08/26/2021, 11.58
IRAQ - CHINA
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Baghdad bets on Beijing to develop solar energy plants

The Iraqi government has signed an initial agreement with the giant PowerChina for the construction of a power plant with a capacity of 2 thousand megawatts. The world's second-largest Opec producer, the country depends on imports from Iran, which is subject to U.S. sanctions. In 2020, it burned about 17.37 billion cubic meters of gas. 

Baghdad (AsiaNews/Agencies) - Iraq has signed an initial agreement with Chinese energy giant PowerChina, for the construction of solar energy plants with the capacity of about 2 thousand megawatts. This was announced yesterday by an official source of the government in Baghdad, according to which in the first phase of the project the plants will have a capacity of about 750 megawatts, which will then increase in the future. 

Supplies from Iraq's main energy network suffer throughout the year from blackouts, which last even several hours a day. However, the problem is exacerbated during the summer months when temperatures regularly reach 50 degrees - especially in the south - and households must rely on air conditioners, heaters and fans. 

Iraq is the world's second largest producer among Opec nations, but it wants to decrease its dependence on electricity imports from Iran. In addition, Baghdad is under increasing pressure from the United States to break free from its ties to Tehran subject to U.S. sanctions since 2018 reimposed by then-President Donald Trump.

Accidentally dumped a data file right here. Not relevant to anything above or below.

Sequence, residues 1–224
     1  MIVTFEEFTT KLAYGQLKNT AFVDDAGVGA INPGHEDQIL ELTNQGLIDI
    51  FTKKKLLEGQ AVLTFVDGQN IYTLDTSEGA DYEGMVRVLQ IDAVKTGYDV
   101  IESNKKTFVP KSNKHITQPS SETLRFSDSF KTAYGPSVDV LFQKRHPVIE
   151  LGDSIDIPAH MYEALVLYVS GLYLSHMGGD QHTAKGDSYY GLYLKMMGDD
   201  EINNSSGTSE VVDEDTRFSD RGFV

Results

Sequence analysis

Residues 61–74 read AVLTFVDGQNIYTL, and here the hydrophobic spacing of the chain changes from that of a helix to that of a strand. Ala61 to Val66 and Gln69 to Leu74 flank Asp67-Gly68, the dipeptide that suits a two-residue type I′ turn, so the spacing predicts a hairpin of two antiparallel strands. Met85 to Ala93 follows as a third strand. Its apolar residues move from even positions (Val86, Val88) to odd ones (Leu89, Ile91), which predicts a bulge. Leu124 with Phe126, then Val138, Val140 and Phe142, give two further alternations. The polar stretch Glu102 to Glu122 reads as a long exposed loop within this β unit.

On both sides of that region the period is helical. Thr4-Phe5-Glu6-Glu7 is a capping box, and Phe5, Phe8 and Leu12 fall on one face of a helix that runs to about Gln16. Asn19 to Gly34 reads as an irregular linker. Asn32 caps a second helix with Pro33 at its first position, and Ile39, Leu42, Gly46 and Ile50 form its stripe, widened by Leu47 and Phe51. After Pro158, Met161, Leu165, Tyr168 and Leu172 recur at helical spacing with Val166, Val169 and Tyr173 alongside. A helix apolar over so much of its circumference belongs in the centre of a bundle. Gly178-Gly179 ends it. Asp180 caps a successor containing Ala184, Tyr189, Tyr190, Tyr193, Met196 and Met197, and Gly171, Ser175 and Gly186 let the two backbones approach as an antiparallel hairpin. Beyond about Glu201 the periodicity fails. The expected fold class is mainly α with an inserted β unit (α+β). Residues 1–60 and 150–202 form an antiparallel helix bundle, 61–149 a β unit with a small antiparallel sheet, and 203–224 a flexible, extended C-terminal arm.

In all these years, the two U.S. administrations (Republican and Democratic) that have come to power have granted waivers to Iraq, to allow it to import energy from the Islamic Republic. The last limit is fixed for December, but from many parts are asking for a decisive intervention in order to put an end to the chronic deficiencies that affect both the daily life of families and the productive sector.

According to the World Bank, Iraq was the second nation in the world for consumption in 2020 (a position it has held for five consecutive years) after Russia, burning about 17.37 billion cubic meters of gas. In addition, the political crisis (and corruption) that has hit the country has hindered several long-term projects aimed at the development of gas extraction. Added to this is the continuing influence of Iran's neighbor, which has also determined its energy policies, and repeated attacks on power lines and high voltage lines by the Islamic State and other fundamentalist groups, including pro-Tehran militias.

This year, the Baghdad government has already signed renewable energy contracts with TotalEnergies and Masdar, the renewable energy arm of Abu Dhabi's sovereign wealth fund, Mubadala Investment Company. The agreement with Masdar includes the development of solar projects with a total scope of about 2 gigawatts and would help achieve the goal of generating up to 20/25% of its energy from renewable sources (equivalent to 12 gigawatts by 2030). Energy import negotiations are underway with Jordan, Turkey, Saudi Arabia and other Gulf Cooperation Council nations. 

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